This is the latest in the series titled “NPE Showcase,” where we discuss high-volume non-practicing entities (or as some call them, “patent trolls”). This installment will update our previous post explaining recent events at the U.S. District Court for the District of Delaware.
The District of Delaware has long been a favorite venue for patent trolls across the country. Relatively fast and with few challenges to venue, the district’s docket became one of the busiest for patent litigation after recent decisions limited where patent owners could file suit. Chief Judge Connolly enacted several orders to manage the large caseload and required all litigants to identify any third party funding up front. Several IP Edge entities simply ignored the order, which Connolly rightfully did not appreciate. Here’s what he found after digging a little further:
- IP Edge manages their lawsuits through an entity named Maxevar.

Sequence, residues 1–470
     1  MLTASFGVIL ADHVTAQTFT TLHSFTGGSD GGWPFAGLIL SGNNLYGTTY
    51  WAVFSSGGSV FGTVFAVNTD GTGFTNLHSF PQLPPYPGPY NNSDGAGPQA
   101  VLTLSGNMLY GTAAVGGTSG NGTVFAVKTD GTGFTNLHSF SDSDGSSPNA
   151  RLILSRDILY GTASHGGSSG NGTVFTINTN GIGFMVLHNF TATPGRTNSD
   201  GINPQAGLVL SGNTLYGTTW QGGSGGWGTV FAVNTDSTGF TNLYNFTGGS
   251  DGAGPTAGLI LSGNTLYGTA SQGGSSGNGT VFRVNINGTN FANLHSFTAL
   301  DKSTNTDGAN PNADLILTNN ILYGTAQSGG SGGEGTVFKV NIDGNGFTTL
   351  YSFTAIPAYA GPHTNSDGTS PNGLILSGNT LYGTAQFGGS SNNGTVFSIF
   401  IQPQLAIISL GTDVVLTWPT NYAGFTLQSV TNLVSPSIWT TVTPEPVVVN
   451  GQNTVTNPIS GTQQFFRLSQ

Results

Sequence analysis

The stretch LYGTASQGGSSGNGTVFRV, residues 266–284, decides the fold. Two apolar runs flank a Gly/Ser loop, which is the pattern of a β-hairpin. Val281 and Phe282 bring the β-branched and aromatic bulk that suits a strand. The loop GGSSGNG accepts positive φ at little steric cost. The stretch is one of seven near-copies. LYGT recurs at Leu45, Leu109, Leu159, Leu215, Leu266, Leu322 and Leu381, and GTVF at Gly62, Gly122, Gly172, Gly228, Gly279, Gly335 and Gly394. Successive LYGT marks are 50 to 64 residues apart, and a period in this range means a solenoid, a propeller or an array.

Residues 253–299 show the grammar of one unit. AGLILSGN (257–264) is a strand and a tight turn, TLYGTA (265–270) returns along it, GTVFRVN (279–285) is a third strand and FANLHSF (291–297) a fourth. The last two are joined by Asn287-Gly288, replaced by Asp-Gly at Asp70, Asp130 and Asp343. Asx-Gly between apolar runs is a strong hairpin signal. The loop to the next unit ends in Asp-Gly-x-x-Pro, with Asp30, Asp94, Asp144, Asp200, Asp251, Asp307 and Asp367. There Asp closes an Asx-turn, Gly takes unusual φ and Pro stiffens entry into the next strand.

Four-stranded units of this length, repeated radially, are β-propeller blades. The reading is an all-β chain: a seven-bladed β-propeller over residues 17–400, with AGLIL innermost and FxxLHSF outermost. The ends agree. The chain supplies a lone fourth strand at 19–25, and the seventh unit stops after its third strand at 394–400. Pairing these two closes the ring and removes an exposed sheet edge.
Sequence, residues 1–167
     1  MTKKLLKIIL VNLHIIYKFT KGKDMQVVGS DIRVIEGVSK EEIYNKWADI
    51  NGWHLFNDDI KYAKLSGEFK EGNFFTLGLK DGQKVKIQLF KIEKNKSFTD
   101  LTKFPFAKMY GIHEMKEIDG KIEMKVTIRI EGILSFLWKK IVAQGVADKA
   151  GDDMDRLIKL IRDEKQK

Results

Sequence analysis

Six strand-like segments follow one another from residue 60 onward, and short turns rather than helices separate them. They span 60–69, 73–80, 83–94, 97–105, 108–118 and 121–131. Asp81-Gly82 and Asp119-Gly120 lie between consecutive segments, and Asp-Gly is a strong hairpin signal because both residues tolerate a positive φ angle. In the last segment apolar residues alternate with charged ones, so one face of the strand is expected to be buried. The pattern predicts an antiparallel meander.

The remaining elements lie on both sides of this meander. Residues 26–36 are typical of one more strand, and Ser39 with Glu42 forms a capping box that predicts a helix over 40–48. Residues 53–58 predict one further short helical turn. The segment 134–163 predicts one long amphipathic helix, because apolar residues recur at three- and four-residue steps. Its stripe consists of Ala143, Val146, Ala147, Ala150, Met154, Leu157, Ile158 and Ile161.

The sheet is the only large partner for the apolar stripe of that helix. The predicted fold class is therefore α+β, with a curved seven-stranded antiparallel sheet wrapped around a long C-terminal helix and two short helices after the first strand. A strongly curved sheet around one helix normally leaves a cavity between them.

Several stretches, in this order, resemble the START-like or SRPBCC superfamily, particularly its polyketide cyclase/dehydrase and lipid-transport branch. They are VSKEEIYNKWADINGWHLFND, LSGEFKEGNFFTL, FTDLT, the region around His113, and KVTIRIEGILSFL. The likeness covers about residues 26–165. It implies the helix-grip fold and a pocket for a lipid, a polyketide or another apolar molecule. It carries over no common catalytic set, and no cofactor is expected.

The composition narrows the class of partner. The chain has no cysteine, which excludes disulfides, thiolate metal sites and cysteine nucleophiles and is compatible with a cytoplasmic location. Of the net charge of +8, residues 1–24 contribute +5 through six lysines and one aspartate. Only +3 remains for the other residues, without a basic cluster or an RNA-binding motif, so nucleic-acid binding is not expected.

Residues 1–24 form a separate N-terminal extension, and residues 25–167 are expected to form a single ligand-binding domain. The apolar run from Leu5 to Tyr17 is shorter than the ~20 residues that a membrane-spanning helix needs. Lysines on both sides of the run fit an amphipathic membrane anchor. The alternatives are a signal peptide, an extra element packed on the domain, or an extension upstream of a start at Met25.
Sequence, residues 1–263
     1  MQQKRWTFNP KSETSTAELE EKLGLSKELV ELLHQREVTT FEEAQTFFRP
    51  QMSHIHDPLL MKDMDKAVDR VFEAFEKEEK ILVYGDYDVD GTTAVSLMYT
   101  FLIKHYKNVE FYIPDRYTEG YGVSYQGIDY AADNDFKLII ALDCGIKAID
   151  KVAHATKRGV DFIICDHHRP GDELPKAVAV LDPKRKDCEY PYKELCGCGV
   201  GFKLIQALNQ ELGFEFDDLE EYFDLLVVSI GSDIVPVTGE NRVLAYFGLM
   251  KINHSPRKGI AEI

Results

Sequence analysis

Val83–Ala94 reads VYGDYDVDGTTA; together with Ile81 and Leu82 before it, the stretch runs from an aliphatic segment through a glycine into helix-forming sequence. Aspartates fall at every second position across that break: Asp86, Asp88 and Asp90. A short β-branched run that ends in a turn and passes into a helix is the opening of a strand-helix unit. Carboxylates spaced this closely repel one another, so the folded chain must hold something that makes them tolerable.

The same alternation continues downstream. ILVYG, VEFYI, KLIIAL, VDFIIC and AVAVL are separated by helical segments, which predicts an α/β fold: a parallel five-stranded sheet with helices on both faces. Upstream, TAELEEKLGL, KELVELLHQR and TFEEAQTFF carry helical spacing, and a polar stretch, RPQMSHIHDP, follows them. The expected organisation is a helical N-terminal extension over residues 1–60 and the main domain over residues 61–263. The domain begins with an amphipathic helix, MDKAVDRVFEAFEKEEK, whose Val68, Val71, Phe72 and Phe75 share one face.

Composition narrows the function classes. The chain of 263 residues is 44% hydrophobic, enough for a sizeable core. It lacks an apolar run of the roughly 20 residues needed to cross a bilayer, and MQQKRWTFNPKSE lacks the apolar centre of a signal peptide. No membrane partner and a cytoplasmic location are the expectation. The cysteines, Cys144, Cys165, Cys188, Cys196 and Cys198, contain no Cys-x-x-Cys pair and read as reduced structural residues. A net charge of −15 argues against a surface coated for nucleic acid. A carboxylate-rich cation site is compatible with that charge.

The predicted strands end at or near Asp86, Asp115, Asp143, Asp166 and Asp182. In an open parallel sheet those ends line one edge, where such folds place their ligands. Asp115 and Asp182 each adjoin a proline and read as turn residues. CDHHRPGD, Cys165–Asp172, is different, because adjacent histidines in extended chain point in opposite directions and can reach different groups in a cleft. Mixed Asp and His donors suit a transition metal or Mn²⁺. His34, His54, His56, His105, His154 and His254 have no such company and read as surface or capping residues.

- Each of the patent trolls are single-entity LLC’s owned by completely random individuals. How random, you ask? One of the owners is a food truck operator who apparently makes great fried chicken but has no familiarity with patents or litigation.
- The owners of these patent trolls paid nothing to be placed into the role as sole owner. Instead, they accepted a small (5-10%) portion of licensing revenue in exchange for accepting 100% of the liability if the lawsuits went south.
- Maxevar/IP Edge called the shots. They decided when to settle cases, which attorneys to hire, etc. and failed to obtain the owner’s consent before doing so.
In short, IP Edge created dozens of sham entities and hid that from both the defendants in lawsuits and the court in which they were litigating.
So what’s the update? After the District of Delaware pulled back the curtain, IP Edge stopped fling patent lawsuits in the District of Delaware altogether. They filed no lawsuits in Delaware during the entire month of December, leading overall patent lawsuits in Delaware to decrease by 62% and overall troll lawsuits to decline significantly nationwide.
So the moral of the story is – know who you’re litigating against in patent troll litigation, because they sure don’t want to tell you. And hopefully the owner of the food truck is selling a lot of fried chicken, because it doesn’t look like he’ll be receiving those royalty checks anytime soon.